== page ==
Alongside the core seminar, a supplementary module will involve training in Geographical Information Systems (GIS). Through a week-long intensive practical training session, you will gain the ability to use GIS in your dissertation research. This module is tailored with landscape historians in mind and with an emphasis on the specific analytical operations that you are likely to find useful.

We also provide you with skills training in independent research in landscape history, through two semester-long modules in the first year. In the autumn, Sources for Landscape History offers you training in where to find historical and archaeological information, introducing you to a wide range of source material. In the spring, you’ll take English Palaeography, which provides training in reading historic handwriting.

The MA dissertation is very much the centrepiece of the course and allows you to focus on a particular place of interest or a specific research question. Given the range of expertise within our School, we can provide supervision for most dissertation topics. Recent dissertation subjects have included: The Landscapes of Medieval Monasteries; Medieval Hunting Landscapes; The Archaeology of Ancient Woods; Regional Patterns of Enclosure; Landscape Characterisation and Second World War Coastal Defence. A substantial number of our students’ dissertations have formed the basis for published articles.

Skills and experience

Norwich is the most complete medieval city in Britain. It’s a fine historic centre with buildings spanning more than a thousand years of English history. The Norfolk Record Office houses one of the richest collections of documents for medieval and early modern history, as well as contemporary records. You will be able to take advantage of this wealth of historical sources throughout your studies.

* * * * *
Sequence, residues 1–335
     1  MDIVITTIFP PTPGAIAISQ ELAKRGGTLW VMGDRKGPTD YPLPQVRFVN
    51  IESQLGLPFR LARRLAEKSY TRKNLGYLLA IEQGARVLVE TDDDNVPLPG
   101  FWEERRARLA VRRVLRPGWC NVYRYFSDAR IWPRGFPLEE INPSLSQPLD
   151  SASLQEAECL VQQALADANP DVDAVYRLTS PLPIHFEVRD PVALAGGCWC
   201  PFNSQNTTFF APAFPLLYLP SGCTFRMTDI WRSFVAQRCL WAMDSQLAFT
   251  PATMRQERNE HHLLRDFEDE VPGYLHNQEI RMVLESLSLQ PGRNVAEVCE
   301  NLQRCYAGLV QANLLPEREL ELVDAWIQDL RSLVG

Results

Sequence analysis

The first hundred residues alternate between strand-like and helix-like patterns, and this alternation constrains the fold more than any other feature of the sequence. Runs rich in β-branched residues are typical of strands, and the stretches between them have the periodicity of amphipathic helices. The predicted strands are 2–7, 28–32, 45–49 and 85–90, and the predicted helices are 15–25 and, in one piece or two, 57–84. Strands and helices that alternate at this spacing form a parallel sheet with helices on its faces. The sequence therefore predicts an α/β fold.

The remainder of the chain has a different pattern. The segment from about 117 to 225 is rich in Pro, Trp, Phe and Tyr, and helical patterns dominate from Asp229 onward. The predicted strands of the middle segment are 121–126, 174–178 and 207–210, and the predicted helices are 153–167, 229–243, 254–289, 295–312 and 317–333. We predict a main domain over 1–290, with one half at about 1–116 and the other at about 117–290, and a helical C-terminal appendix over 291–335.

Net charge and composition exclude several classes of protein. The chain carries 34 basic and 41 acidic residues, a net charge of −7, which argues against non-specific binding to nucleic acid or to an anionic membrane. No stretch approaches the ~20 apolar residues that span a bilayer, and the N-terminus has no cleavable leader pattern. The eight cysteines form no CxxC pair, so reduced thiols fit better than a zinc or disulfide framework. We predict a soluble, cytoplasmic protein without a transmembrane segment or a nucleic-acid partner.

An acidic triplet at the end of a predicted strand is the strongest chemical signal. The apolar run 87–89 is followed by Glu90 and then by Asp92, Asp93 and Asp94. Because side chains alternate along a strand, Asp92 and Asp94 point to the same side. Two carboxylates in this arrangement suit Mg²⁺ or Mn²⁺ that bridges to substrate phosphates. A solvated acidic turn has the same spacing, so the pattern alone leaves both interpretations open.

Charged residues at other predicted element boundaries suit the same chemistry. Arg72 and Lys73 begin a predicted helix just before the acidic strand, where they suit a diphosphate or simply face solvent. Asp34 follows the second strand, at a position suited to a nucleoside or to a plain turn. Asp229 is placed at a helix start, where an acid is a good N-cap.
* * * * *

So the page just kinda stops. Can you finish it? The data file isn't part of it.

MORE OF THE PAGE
As part of our School of History, you will be working within a vibrant postgraduate community of students and researchers, with specialisms in fields including British and European medieval history; landscape and environmental history; and local and regional history. We have a strong record of securing research funds from the AHRC, Wellcome Trust, English Heritage, Leverhulme, Norwich HEART and others.

As a postgraduate student at UEA, you will also benefit from our numerous guest lectures and postgraduate training seminars, and have the chance to develop your professional skills through sessions organised by the Faculty of Arts and Humanities Graduate School. 


You will be assessed on coursework essays, as well as on research training, specialised skills and the dissertation. The module Past Environments: Theory and Practice in Landscape History comprises 50 credits, Geographical Systems for Landscape History 30 credits, Sources for Landscape History 10 credits, and English Palaeography 10 credits. Your dissertation will be 14,000–16,000 words long and comprises 80 credits.

Course tutors and research interests

Lecturers on the course have included:

Dr Jon Gregory: post-medieval landscapes and agricultural improvement; GIS for landscape history.

Prof. Robert Liddiard: medieval high-status landscapes; landscapes of fortification.